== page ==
Maximize Natural Light
Natural light plays a huge role in traditional Japanese design, Tanaka says. So try to capture as much of it as you can. Sure, you may not be able to install new windows in your dining room. But you can keep your windows curtain-free to let in plenty of light.
Keep Your Furniture Sleek and Simple
When choosing furniture for a Japanese-inspired space, be sure to focus on serene, simple shapes. “Pick a wooden table with simple, straight lines,” Josh Blackburn, founder and Director of Design and Construction at Evolving Home, says. And once you've scored a sleek dining room table, Blackburn recommends pairing it with some equally sleek and simple chairs.
Ground the Room With a Tatami Mat
In many traditional Japanese dining rooms, you’ll find a tatami mat—a textured mat that’s comfortable enough to sit or sleep on, according to Tanaka.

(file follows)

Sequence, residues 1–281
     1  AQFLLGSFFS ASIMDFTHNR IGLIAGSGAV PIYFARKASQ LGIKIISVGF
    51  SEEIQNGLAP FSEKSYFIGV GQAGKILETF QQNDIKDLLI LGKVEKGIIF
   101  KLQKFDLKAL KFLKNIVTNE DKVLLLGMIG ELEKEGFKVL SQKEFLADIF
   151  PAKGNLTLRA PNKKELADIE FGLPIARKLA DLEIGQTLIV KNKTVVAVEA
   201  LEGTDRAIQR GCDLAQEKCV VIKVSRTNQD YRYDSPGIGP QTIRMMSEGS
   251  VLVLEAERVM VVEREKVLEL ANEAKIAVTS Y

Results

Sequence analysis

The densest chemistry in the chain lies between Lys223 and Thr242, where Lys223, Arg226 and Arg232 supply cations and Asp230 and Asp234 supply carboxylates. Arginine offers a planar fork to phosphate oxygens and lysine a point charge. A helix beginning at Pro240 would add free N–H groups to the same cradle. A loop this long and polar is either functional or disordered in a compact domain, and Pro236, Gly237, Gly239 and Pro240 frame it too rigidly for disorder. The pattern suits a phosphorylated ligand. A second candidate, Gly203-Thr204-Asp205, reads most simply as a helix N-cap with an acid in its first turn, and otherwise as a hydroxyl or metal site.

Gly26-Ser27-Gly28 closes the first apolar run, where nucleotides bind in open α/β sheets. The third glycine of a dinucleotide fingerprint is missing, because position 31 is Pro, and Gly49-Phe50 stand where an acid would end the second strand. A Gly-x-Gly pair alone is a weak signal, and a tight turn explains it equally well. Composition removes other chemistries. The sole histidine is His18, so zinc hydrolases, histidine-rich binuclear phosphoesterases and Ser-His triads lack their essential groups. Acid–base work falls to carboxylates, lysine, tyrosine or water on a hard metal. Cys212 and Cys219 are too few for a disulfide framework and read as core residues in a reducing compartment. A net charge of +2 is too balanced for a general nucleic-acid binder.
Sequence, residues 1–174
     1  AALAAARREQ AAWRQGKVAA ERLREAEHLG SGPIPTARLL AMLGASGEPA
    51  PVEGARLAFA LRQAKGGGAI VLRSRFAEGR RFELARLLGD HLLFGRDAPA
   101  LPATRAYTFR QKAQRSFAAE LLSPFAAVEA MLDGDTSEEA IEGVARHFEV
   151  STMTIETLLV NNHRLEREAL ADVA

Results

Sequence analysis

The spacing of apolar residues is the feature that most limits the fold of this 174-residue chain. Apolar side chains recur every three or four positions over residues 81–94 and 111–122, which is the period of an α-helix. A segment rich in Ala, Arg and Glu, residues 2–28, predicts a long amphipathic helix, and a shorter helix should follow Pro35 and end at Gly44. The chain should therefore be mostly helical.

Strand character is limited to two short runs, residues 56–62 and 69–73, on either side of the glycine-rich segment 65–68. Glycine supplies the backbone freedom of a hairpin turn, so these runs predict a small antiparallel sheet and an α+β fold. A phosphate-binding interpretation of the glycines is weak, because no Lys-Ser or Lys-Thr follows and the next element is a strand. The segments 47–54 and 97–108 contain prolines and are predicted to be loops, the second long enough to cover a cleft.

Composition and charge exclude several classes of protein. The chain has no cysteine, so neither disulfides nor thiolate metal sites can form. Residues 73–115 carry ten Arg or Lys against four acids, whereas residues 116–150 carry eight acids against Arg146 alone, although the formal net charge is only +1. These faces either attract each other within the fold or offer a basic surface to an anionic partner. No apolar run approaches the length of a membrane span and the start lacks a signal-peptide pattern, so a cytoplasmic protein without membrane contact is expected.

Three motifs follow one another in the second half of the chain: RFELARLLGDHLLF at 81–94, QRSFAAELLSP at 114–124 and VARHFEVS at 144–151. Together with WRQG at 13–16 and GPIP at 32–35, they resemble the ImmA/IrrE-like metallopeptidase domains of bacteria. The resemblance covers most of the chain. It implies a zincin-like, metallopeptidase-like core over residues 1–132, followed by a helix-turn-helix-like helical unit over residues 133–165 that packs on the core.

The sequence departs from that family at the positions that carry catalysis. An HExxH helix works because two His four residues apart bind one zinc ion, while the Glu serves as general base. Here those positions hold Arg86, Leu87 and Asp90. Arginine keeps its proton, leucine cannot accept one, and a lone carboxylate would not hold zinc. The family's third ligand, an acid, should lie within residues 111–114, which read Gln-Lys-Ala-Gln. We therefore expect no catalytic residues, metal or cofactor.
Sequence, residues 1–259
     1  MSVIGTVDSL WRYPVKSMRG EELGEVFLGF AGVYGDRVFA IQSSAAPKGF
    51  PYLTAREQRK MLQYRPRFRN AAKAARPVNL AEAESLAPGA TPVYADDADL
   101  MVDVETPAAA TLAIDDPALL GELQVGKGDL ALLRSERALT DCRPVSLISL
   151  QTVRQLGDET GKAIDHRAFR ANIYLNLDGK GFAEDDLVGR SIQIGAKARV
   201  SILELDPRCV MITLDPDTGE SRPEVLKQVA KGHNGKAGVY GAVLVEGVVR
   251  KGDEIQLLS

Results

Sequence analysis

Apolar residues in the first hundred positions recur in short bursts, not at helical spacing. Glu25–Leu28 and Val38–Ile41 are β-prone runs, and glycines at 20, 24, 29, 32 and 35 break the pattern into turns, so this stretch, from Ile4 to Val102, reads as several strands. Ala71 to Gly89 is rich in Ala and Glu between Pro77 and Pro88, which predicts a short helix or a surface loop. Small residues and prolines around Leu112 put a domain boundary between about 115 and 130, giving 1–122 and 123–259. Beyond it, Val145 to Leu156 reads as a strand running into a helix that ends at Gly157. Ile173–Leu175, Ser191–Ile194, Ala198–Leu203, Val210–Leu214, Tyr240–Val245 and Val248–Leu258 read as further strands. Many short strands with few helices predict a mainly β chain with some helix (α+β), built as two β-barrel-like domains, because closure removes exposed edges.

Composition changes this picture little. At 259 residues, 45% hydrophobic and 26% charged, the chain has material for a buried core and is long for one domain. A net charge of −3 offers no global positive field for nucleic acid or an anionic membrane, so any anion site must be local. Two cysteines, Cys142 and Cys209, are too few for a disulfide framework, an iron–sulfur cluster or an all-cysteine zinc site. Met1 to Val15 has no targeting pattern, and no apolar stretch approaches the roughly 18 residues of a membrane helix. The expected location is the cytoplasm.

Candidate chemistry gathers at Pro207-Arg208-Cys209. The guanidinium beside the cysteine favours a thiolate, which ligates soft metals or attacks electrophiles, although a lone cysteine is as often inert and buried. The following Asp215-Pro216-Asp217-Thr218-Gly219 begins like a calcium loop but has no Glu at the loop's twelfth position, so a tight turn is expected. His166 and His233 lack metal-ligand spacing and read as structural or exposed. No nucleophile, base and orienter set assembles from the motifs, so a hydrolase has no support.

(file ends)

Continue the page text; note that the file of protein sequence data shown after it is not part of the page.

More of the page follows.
“Tatami mats are thin, natural-fiber woven mats that provide a layer of comfort,” Wood says. And while you may see them paired with floor cushions, you’ll never see them paired with chairs.
If you’re not ready to forgo dining room chairs just yet, consider merely nodding to the tatami mat by snagging a jute or bamboo area rug.
Let Your Space Speak for Itself
Japanese interiors tend to be fairly sleek and minimal—drawing the focus away from furniture and décor, and toward the rest of the room. “In America, furniture is a major focal point in a room,” Tanaka says. “In Japan, it is primarily the architectural details that beautify a space.”
Take a moment to appreciate the architectural elements lining your ceilings and walls, and consider whether you could make them even more striking than they already are.
Welcome Guests With a Tokonoma Display